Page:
The hope for the new campus precinct is that it will not be an insular academic environment, but will meld with its urban environs. This ambition is apparent in the treatment of the former warehouses, which front Main Street and, on their upper levels, now hold the offices for the admissions staff, the sustainability groups, and the MIT Innovation HQ. Previously, the structures’ first floors had been at loading dock level, several feet above the sidewalk. But, because these spaces will be leased to shops and eateries, the team lowered the slab heights. One of the warehouses, a three-story brick edifice, has been gutted, its original heavy-timber and iron structure removed and replaced with a concrete one that helps support the tower above. Meanwhile, for the adjacent seven-story concrete-framed building, the architects took a more surgical approach. Its structure has been left mostly intact, except that the first-floor slab has been demolished and replaced at a lower elevation. Elsewhere within the old printing plant, the designers worked with the building’s existing assets, revealing distinctive mushroom-shaped column capitals, formerly hidden by drywall, and uncovering a roofed-over top-floor skylight.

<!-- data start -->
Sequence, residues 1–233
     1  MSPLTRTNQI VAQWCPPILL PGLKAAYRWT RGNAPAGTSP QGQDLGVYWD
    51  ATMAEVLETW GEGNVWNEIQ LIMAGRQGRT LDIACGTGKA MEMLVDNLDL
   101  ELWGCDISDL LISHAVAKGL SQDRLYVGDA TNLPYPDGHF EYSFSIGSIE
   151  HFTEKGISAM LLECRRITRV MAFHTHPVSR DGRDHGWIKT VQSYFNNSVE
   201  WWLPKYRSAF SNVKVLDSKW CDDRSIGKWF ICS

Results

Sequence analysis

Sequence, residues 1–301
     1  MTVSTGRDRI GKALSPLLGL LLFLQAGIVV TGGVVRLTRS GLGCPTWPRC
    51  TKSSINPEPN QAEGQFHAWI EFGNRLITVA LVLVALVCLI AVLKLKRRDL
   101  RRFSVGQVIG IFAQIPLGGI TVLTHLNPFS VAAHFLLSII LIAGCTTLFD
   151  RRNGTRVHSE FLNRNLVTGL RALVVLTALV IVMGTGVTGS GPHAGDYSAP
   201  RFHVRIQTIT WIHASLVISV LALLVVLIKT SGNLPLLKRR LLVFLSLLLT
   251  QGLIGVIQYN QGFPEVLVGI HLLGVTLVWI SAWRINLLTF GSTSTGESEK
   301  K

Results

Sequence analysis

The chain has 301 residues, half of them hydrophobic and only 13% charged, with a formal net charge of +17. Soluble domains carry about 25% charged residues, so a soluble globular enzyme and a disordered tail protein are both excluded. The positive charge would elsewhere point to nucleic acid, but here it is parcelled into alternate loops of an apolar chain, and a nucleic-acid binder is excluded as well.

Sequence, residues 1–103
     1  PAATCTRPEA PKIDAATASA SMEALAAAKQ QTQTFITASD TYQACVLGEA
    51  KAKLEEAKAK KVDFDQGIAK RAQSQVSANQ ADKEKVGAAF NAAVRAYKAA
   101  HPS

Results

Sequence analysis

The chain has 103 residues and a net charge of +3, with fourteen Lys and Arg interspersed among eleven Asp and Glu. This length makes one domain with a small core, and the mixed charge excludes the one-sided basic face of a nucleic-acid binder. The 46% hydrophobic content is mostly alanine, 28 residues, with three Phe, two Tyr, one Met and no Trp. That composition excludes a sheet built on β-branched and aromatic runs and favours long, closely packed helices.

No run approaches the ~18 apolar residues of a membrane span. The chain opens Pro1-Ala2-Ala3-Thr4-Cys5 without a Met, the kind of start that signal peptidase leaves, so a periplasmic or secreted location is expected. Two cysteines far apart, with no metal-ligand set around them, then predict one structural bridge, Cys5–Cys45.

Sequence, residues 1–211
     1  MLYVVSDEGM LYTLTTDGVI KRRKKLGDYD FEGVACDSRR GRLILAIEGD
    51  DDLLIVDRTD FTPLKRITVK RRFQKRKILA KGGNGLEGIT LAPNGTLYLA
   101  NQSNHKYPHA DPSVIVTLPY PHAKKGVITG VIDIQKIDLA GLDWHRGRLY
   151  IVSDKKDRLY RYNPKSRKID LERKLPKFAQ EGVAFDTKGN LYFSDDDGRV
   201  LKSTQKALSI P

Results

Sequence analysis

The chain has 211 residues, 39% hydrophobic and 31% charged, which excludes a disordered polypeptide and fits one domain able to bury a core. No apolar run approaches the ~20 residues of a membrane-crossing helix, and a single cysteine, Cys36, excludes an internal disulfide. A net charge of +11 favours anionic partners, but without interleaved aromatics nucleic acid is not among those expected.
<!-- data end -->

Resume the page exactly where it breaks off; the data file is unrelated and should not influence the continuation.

A once roofed-over skylight illuminates the Innovation HQ’s top floor. Photo © John Horner
This reuse of Kendall Square’s historic fabric is just one of the many noteworthy aspects of Site 4. In accommodating diverse programmatic needs, engaging the urban surroundings, and incorporating an ingeniously clad tower, the multifaceted project creates a fitting cornerstone for an emerging part of MIT’s campus.
Click plan to enlarge
Click plan to enlarge
NADAAA — Nader Tehrani, Katherine Faulkner, principals in charge; Harry Lowd, project manager; Tom Beresford, project architect; Nick Safley, Peter Osborne, Matthew Waxman, Ali Sherif, Ilia Yazdanpanah, Todd Fix, Amin Tadj, Arthur Chang, project team
Architect Of Record:
Perkins&Will — David Damon, principal in charge; Andrew Grote, project manager; Grace Nugroho, project architect; Athena Patira, Daniel Szczebak, Ruoxi Cui, Heather Miller, Jennifer Miller, Kate Hriczo, Peter Graffunder, Philippe Genereux, Carolina Otero, Stephen Messinger, Brad Pineau, Tuan Trieu, Wendy Morita, project team
Odeh Engineers (structural); ARUP (m/e/p/fp); Studio NYL (envelope); Landworks Studio, Hargreaves Associates (landscape); Lam Partners (lighting); Ateleir Ten (sustainability); Acentech (acoustics)
Massachusetts Institute of Technology
426,000 square feet
Island Exterior Fabricators, Ipswich Bay Glass, Morin, ATAS, Wassau, Kawneer
Total Door Systems, U.S. Smoke & Fire
Lumenwerx, Ecosense, Focal Point, Lumenpulse, Bega, Structura, Lutron